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Government domain veto watered down

Kevin Murphy, February 24, 2011, 14:07:34 (UTC), Domain Registries

A US proposal to grant governments the right of veto over new top-level domains has been watered down by ICANN’s Governmental Advisory Committee.

Instead of giving the GAC the ability to block any TLD application on public policy grounds, the GAC’s official position would now allow the ICANN board of directors to make the final decision.

The move means the chances of a .gay application being blocked, to use the most obvious example, are much lower.

The original US position, which was was leaked last month, read:

Any GAC member may raise an objection to a proposed string for any reason. If it is the consensus position of the GAC not to oppose objection raised by a GAC member or members, ICANN shall reject the application.

If this policy had been adopted, all potentially controversial TLDs could have found themselves pawns of the GAC’s back-room negotiations.

A petition against the US proposal has so far attracted almost 300 signatures.

The newly published official GAC position is based on the language in the US document, but it has been tempered substantially. It now reads:

Any GAC member may raise an objection to a proposed string for any reason. The GAC will consider any objection raised by a GAC member or members, and agree on advice to forward to the ICANN Board.

GAC advice could also suggest measures to mitigate GAC concerns. For example, the GAC could advise that additional scrutiny and conditions should apply to strings that could impact on public trust (e.g. ‘.bank’).

In the event the Board determines to take an action that is not consistent with GAC advice pursuant to Article XI Section 2.1 j and k, the Board will provide a rationale for its decision.

This still gives the GAC a key role in deciding the fate of TLD applications, but it’s one that can be overruled by the ICANN board.

To use the .gay example, the GAC could still advise ICANN that the string has been objected to by a handful of backward nations, but it would be up to the ICANN board to decide whether homophobia is a useful policy to embrace in the DNS.

The GAC proposals, which you can read here, are not policy yet, however.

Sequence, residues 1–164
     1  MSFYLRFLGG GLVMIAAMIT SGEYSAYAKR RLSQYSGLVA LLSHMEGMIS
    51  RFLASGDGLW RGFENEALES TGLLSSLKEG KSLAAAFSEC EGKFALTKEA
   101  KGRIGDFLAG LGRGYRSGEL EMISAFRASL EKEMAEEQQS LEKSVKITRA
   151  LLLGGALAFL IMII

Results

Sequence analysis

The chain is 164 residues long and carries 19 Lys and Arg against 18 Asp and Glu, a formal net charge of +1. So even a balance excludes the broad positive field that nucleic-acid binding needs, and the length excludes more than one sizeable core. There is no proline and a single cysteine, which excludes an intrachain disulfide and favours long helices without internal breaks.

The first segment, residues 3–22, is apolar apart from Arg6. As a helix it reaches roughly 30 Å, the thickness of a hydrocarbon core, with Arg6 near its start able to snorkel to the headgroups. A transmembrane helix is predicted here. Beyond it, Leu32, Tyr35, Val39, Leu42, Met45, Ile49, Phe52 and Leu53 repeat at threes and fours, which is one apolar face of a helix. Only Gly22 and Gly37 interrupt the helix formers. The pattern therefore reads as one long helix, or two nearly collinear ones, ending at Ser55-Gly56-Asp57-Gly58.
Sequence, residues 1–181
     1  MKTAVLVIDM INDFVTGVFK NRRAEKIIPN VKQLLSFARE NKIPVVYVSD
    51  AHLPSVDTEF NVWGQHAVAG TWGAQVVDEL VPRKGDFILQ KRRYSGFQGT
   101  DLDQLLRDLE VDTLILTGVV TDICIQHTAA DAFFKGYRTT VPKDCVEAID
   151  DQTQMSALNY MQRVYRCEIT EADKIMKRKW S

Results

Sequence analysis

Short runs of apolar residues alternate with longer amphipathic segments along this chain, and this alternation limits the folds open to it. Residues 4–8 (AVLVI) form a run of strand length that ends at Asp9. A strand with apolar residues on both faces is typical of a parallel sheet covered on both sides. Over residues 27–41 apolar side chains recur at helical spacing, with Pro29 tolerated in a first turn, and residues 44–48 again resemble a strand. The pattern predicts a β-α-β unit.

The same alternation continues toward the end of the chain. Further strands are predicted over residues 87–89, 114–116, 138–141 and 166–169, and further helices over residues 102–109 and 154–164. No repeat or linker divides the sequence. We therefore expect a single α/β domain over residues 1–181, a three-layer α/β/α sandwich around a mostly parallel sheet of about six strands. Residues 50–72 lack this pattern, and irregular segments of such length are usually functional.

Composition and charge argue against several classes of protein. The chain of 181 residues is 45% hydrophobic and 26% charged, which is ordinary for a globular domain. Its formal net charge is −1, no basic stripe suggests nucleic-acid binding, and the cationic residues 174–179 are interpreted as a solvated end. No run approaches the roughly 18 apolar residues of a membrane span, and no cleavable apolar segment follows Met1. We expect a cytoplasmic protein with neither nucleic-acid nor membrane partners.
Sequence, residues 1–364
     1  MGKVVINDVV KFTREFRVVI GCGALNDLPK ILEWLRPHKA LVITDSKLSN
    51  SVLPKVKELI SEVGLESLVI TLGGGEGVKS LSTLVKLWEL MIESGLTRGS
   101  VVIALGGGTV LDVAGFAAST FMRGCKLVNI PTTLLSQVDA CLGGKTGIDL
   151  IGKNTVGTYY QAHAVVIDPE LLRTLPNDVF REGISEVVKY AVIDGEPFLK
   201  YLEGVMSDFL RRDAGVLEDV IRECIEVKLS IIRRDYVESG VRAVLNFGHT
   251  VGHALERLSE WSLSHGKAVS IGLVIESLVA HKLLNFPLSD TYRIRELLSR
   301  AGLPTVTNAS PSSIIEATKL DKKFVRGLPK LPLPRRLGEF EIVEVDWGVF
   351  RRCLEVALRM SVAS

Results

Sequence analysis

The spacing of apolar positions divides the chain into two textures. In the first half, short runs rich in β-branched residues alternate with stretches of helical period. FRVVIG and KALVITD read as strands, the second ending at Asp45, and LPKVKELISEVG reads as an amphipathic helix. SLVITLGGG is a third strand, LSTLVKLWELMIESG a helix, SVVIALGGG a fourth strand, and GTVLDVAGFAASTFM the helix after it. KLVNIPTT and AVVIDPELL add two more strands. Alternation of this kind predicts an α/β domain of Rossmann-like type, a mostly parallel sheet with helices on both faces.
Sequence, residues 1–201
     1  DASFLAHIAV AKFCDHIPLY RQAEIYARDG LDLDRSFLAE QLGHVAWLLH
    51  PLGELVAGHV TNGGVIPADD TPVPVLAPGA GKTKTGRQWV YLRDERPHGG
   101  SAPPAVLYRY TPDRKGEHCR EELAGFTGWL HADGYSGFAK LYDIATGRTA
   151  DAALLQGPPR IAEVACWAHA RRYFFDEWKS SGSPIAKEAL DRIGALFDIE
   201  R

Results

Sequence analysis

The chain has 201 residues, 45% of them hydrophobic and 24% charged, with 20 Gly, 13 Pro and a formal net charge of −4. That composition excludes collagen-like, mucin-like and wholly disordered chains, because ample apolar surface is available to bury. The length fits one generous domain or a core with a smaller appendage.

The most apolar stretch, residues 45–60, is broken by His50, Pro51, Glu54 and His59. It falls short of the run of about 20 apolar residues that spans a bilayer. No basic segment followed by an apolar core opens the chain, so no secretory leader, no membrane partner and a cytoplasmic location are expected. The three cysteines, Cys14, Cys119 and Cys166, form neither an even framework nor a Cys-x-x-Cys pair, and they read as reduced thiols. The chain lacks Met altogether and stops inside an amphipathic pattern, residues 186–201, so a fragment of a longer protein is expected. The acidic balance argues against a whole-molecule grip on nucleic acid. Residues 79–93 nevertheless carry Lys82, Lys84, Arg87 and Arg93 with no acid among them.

ICANN and the GAC will meet in Brussels next week to figure out what GAC advice is worth implementing in the new TLDs program.

UPDATE: via @gTLDNews, I’ve discovered that US Department of Commerce assistant secretary Lawrence Strickling recently addressed this topic in a speech.

He seems to believe that ICANN “would have little choice but to reject the application” if the GAC raised a consensus objection. According to his prepared remarks, he said:

We have proposed that the ICANN Board use the already-existing GAC process to allow governments collectively to submit objections to individual applications to top level domains. The GAC already operates on a consensus basis. If the GAC reaches a consensus view to object to a particular application, that view would be submitted to the Board.

The Board, in its role to determine if there is consensus support for a given application (as it is expected to do for all matters coming before it), would have little choice but to reject the application.

Does he have a point?

ICANN has never explicitly rejected GAC advice; the forthcoming San Francisco meeting is probably going to be the first time it does so.

My reading of the ICANN bylaws is that the board is able to reject GAC advice whenever it wants, as long as it provides its rationale for doing so.

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Comments (8)

  1. Paul says:

    Ask the GAC how they define “consensus.” I’m quite sure it’s not the same as used by ICANN or its working groups. Such semantic and cultural differences appear key to the mutual misunderstandings (misgivings?) between the parties.

  2. sam says:

    I happen to agree with Lawrence Strickling. ICANN could be shut down or worse if it objects to a GAC veto. As long as the GAC is getting this much power none of the internet is safe from governmental censorship.

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